And I felt wild fire spread across the forest of my muscles.  I love when it feels like my entire body grows swollen in a matter of seconds and the delts start to fill like balloons.  I love when the body comes off as if it’s hitting muscular failure when each set goes on and the pull of the motion seems to get jerky and doesn’t feel as smooth yet the reality is you’re not jerking your body in a discombobulated fashion.  You’re just becoming one with the mind-muscle-body connection.

Then I moved right into the Standing Dumbbell Shoulder Press as my abdominals pulled itself in while the glutes keep taunt and super tight to aid in a strong soldier position.  I pumped out reps and focused on maintaining good breathing techniques as my heart raced and raced and raced.

My lats became a passionate bonfire while in the Dumbbell Bent-Over Rear Delt Flyes.  I got into the perfect 90 degree, and my hamstrings are stretched yet contracted isometric again, but this time I have to pull back almost in an arc.  I fought through the raging flame.  I fought through gravity.  I fought through the speeding heart.  I grinded my teeth.  My cheeks puffed up like a hamster binging.  My mascara sweated and burned in my eyes.

Then quickly I moved into Dumbbell Bicep Curls and smiled at myself in the mirror.  My delts are pumped and I could see these lines embedded in the top of my traps every time I alternated curling and squeezing for two seconds before coming back down.  And it’s in these times where I realized how much I’ve busted my ass training with the first loves of my life:  Dumbbells and Barbells.  This is true resistance.  I love the iron and nothing can ever take its place.

I felt the rush of blood raged through my veins rep after rep after rep as I moved and grimace on to each exercise until I finally took a rest for a few moments before I had to hit it again for another 3 more big sets.  This was another reminder that once a meathead is always a meathead.  It’s a drug.  It’s an addiction.  It’s something my body and my mind calls for without a shadow of a doubt.  This is true love.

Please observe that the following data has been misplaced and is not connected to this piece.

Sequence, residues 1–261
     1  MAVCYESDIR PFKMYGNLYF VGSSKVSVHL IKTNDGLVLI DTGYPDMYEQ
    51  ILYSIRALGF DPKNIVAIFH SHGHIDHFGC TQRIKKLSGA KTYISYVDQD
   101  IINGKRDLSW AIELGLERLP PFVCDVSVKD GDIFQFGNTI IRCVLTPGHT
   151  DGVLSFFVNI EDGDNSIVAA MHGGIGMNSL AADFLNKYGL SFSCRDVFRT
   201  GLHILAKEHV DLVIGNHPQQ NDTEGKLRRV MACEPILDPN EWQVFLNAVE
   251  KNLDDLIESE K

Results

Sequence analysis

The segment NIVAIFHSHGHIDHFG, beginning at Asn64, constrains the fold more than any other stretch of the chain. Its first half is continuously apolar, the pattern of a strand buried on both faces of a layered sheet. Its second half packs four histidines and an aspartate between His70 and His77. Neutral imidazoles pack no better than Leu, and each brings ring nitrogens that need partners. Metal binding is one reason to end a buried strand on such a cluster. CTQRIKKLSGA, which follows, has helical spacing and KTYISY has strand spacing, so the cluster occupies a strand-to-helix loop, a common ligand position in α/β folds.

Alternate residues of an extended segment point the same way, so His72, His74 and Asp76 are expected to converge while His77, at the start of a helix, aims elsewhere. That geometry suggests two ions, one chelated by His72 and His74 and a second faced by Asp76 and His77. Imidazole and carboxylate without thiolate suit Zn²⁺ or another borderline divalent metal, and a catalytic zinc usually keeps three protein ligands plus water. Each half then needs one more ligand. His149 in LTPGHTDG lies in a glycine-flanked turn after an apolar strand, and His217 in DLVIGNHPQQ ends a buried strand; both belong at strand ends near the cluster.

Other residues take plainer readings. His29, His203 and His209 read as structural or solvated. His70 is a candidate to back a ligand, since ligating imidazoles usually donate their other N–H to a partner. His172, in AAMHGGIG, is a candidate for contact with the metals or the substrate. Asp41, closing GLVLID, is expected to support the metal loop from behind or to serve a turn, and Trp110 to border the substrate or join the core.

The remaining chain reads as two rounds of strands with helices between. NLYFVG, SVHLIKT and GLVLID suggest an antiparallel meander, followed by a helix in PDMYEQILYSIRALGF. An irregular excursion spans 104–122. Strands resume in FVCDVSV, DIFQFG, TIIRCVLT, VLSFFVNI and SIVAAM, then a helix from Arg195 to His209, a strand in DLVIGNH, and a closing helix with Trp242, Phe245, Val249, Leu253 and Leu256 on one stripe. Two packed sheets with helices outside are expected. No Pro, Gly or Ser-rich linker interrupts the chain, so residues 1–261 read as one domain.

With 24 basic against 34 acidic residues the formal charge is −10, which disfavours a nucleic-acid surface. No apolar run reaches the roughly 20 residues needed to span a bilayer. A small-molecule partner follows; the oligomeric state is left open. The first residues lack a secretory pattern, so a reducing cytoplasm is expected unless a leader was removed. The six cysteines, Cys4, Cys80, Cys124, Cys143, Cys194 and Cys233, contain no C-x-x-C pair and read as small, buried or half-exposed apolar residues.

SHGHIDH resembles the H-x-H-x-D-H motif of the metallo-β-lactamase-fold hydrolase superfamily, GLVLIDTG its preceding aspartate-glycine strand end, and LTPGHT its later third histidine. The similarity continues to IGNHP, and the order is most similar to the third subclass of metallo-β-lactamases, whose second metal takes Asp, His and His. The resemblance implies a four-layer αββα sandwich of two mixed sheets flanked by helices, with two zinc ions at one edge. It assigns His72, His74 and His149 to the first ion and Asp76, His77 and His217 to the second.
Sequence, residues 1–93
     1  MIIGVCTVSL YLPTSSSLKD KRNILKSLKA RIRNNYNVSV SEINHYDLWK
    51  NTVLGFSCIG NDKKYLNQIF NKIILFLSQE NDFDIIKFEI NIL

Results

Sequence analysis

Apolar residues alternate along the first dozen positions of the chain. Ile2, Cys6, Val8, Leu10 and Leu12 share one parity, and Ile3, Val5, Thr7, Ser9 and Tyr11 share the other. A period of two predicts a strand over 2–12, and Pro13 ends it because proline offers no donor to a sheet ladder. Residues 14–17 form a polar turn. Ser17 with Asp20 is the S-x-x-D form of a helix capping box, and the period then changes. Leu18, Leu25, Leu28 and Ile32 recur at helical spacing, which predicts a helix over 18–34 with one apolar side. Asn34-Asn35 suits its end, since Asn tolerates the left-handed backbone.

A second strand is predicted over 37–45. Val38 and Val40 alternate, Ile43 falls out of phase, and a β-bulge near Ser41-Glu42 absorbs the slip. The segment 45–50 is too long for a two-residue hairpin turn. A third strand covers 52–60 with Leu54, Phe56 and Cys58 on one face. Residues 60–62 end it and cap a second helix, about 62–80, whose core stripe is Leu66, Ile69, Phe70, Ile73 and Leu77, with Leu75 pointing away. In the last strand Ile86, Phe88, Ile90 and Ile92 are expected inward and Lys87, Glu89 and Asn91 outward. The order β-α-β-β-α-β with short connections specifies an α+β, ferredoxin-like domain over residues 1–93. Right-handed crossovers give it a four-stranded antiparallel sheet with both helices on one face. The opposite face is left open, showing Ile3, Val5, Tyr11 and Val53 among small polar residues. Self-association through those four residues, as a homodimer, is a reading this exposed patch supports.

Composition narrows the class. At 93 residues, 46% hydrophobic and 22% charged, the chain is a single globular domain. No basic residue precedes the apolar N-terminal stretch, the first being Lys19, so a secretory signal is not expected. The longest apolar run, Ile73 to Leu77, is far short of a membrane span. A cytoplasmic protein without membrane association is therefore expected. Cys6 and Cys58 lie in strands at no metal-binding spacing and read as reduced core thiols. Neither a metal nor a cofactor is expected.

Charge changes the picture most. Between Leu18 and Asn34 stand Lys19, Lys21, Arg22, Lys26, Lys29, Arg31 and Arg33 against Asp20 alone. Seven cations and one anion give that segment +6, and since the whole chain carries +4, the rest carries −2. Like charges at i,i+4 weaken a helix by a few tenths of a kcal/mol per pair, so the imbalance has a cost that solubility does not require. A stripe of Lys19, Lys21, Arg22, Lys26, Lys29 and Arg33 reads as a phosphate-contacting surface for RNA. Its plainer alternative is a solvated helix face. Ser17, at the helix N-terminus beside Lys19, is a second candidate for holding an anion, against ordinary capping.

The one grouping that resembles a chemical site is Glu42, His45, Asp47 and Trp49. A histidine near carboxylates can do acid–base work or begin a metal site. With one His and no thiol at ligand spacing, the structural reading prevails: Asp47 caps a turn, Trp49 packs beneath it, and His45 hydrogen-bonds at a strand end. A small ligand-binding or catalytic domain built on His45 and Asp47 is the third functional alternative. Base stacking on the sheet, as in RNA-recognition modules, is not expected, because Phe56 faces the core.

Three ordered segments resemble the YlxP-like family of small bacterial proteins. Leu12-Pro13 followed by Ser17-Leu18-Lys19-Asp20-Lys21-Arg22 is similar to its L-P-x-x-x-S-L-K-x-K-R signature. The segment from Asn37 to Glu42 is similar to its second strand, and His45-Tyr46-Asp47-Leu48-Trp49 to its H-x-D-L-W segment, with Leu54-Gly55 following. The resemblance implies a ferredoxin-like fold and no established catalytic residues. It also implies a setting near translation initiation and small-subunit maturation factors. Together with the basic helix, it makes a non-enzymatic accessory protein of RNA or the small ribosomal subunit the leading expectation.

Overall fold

Weightlifting gives me a different outlet by allowing me to tap into various types of emotions that dwell within me.  When I want to feel like a hungry beast, when I want to take my aggression out, when I want to tighten my skin, when I want to swell my body parts like I live off a tank of helium and when I want to feel like my strong self again – I have weightlifting to count on.

Ballet Beautiful allows me to feel feminine and it provides contrast for my weightlifting.  Weightlifting makes me feel masculine – and if this sounds sexist to you – then that sounds like a personal problem.  I embrace both essences of gender.  Both training systems work for me in different ways, like I work on bigger muscle with weights and smaller ones with Ballet Beautiful.  They both have everlasting techniques and history.  They both share technique, strength and grace.

I acquire distinctive endorphins from both training systems, but it seems like weightlifting is what makes my blood fire instinctively and it makes me feel powerful and invincible – capable of anything and everything.

  -Pennington